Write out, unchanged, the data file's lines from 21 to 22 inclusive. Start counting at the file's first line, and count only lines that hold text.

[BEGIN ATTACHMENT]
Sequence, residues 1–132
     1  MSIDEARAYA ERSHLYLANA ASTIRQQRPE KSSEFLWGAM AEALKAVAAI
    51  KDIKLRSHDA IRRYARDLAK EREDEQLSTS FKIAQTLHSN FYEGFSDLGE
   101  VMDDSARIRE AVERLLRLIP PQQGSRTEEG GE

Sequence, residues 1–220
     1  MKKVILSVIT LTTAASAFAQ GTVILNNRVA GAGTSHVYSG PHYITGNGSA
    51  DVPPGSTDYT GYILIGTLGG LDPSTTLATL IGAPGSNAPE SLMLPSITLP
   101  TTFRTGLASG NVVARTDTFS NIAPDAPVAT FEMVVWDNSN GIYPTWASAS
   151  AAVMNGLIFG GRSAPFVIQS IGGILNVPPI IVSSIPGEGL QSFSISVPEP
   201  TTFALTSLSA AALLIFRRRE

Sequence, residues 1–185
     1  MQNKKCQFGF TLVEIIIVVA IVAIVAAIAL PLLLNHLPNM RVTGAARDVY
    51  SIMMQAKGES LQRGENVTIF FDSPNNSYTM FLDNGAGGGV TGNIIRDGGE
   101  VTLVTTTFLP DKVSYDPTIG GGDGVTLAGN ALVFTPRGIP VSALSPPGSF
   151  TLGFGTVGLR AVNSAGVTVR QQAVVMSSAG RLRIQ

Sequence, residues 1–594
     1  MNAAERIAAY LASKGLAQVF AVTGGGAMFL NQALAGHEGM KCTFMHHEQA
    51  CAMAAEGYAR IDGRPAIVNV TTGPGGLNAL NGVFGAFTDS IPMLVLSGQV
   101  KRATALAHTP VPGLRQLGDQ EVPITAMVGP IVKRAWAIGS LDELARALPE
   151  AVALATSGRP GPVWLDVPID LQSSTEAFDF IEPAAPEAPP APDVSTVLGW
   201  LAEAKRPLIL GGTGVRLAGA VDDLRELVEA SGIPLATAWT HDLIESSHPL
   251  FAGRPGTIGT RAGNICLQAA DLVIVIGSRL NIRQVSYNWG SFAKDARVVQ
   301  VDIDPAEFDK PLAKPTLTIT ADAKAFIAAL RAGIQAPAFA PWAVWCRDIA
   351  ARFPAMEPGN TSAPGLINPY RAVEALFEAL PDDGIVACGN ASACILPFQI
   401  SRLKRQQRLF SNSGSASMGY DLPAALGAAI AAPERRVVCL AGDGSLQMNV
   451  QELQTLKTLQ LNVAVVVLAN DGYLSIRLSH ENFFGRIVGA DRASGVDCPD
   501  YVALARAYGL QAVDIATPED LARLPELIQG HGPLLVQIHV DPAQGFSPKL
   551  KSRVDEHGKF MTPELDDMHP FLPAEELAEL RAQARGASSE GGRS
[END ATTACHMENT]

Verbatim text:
   201  LAEAKRPLIL GGTGVRLAGA VDDLRELVEA SGIPLATAWT HDLIESSHPL
   251  FAGRPGTIGT RAGNICLQAA DLVIVIGSRL NIRQVSYNWG SFAKDARVVQ